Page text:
Dig These Discs :: Suzanne Vega, Angel Olsen, Candice Glover, Cibo Matto, Girls Volume 2
It’s Valentine’s Day, and Dig These Discs is all about the ladies! Check new releases from American Idol winner Candice Glover, and Missouri-born singer Angel Olsen. Japanese duo Cibo Matto is back together with "Hotel Valentine," and Suzanne Vega drops her first new album in seven years. And enjoy music from the second season of the hit HBO show "Girls." Love is in the air; can you dig it?
"Music Speaks" (Candice Glover)
Only 24 years old, season 12 American Idol winner Candice Glover looks like she could be one of the Huxtable kids, and sings like an angel. With her new album, she starts things off by showing off those shimmering pipes of her, singing sweetly and sadly about domestic abuse in her debut single ballad "Cried," accompanied by a tinkling piano. She vows her love is strong in "Die Without You," singing, "You’re my purpose, you’re all I know," with deep bass pounding in the background. She captures the Diana Ross vibe as she sings, "Why don’t I run while I can, cause I always end up loving the ’Same Kinda Man.’" Glover sings of being the other woman in "Damn," and says, "my everything is you," in "Passenger," a song that demonstrates the higher range of Glover’s silky voice. She strikes a very marketable balance between R&B and soul, as seen in songs like "Forever That Man" and "Kiss Me," which employs unusual percussion. She captures a rollicking ska sound in "In the Middle" and slows things down in "Coulda Been Me." She includes her version of the Cure’s "Love Song," which Idol judges called the best performance ever on a reality show. She finishes the album with an acoustic version of her Idol coronation song, "I Am Beautiful," which ran up the music charts after her win. With her blend of funk, soul and R&B and those amazing pipes, you’re gonna love her!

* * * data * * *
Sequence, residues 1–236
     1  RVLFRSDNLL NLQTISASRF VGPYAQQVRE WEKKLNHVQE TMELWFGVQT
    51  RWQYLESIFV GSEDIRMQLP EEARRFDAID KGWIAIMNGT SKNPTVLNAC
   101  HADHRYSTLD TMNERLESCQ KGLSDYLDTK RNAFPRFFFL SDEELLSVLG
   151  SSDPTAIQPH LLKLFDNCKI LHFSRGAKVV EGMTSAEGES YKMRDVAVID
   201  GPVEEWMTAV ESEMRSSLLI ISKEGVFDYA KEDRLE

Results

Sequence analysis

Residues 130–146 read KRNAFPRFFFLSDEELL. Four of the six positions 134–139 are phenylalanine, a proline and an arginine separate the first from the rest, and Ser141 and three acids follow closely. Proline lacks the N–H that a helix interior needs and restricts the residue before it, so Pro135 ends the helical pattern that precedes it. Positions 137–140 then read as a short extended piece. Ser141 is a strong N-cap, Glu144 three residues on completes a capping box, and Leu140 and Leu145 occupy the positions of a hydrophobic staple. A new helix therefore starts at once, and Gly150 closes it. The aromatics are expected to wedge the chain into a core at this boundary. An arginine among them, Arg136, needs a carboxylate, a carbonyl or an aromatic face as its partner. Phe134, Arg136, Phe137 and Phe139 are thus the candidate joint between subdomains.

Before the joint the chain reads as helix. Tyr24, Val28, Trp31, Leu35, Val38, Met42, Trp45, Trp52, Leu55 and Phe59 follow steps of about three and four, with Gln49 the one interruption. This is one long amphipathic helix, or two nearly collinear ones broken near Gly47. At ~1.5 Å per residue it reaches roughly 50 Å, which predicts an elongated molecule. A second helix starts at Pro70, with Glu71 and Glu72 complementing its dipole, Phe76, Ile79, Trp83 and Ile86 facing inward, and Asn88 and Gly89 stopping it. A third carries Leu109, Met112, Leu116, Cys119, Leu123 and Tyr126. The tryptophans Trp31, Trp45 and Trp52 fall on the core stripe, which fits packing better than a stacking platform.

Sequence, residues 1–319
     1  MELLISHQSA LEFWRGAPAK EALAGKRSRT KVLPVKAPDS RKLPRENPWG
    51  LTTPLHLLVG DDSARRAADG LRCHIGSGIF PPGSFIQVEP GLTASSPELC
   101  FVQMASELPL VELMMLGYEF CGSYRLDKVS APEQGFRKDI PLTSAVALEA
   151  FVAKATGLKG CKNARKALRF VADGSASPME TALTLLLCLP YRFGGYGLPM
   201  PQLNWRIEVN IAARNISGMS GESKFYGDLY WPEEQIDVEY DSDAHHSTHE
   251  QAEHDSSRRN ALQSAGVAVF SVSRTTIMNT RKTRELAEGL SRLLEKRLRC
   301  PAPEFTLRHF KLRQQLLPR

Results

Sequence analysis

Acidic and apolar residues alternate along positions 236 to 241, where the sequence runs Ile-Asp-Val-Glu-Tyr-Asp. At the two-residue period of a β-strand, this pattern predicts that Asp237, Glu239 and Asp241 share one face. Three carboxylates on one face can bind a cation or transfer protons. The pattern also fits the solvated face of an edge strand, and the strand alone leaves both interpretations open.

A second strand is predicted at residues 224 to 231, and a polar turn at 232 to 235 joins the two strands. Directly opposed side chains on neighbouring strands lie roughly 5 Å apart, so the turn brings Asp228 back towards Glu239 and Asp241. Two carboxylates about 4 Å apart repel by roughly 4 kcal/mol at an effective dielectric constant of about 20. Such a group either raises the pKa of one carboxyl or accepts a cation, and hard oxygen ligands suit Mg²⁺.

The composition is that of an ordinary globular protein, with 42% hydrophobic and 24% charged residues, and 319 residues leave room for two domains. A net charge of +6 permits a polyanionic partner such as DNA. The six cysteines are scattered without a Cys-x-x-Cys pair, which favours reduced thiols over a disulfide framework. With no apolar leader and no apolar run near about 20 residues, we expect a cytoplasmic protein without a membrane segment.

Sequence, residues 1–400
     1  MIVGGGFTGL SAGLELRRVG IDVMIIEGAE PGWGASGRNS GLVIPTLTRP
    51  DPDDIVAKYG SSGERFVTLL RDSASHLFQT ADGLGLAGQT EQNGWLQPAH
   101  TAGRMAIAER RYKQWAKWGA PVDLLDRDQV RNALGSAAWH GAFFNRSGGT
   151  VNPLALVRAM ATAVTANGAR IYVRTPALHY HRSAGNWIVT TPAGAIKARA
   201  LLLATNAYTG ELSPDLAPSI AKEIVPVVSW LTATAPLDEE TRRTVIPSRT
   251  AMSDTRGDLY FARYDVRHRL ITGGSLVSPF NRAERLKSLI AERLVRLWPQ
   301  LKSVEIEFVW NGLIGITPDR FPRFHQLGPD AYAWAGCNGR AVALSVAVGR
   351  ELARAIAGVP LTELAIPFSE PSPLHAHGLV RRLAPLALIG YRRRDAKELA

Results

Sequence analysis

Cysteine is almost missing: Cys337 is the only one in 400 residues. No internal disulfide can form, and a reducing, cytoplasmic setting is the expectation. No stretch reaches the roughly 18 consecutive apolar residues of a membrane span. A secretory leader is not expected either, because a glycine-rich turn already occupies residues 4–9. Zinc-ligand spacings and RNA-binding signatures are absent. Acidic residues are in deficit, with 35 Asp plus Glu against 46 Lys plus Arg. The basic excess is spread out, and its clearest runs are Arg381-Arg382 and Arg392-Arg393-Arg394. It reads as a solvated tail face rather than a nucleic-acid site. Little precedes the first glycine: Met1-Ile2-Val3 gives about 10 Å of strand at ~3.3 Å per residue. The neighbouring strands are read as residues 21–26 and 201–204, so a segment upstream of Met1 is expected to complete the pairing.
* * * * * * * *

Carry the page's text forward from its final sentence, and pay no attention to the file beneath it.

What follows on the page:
"Burn Your Fire For No Witness" (Angel Olsen)
Missouri-born singer/songwriter Angel Olsen drops her second album, chock full of confessional material, but this time, with a band backing her. Others describe the vibe as excited and angry; she just says it’s defiant. "I quit my dreaming the moment that I found you," she mumbles over reverb-laden guitar in the track, "Unfucktheworld." The reverb drones on in "Forgiven/Forgotten." The video for this track came out this winter, and listeners are already abuzz with Olsen’s ’90s lo-fi sound, comparing it to early material by The Breeders. "I feel so lonesome I could cry," sings Olsen in "Hi-Five," a song that has a country twang under layers of synthetic twing. Her first single, "White Fire" features her spare, melancholy singing with complex acoustic arrangements and lyrics like, "burn your fire for no witness, it’s the only way it’s done." She eases up on the dolor in "Lights Out," with punchy drums to keep it moving along. "Stars" is another nice piece of work, with Olsen singing, "I think you like to see me lose my mind." She hits the high notes in "Iota" and moves slowly through "Dance Slow Decades." In songs like "Enemy" Olsen comes across as a heavily sedated Liz Phair: just as angry, only slower to deliver. Olsen is new to the game, but her confessional style should take her far.
"Hotel Valentine" (Cibo Matto)
Cibo Matto, the outrageous girl group of Miho Hatori and Yuka C. Honda, brought to life our anime dreams in the ’90s, with absurd songs like "Know Your Chicken." The girls experimented wildly with the sounds of pop and hip-hop, Brazilian music, African and Latin jazz. After working on their solo careers, the two reunited after the Fukushima Daiichi nuclear disaster in 2011, during a benefit concert in New York City. From that point, they continued to perform and tour sporadically while working on new material. "Having spent some time apart, we became more aware of our magical chemistry, our magnetic bond. We both realized we had unfinished business," said Honda. On February 14, 2011 a Cibo Matto light bulb flickered and they struck upon the idea of this album. "’Hotel Valentine’ is the cinematic bricolage of Yuka and me," said Hatori. "Our medium is music." The album begins, logically, with "Check In," a study in the snare drum, with a strong pop vibe. They follow with "Déjà vu," an odd song that blends discordant verses with a harmonious chorus with a Brazilian backbeat, complete with horns. Cibo Matto’s music is still populated with delightful nonsense. "She talks like American, she walks like Egyptian, maybe international ghost girl," they sing in "10th Floor Ghost Girl." A mélange of drums and horns peps up the wacky "Emerald Tuesday" and a cacophony of curse words pepper "MFN." The title track is a haunting blend of hand drums and sax, "Empty Pool" is a dystopian soundscape, and "Lobby" has fantastic percussion with a spoken word intro. The album ends with "Housekeeping" and "Check Out," as appropriate an ending as any. Fangirls, rejoice! Cibo Matto is back again.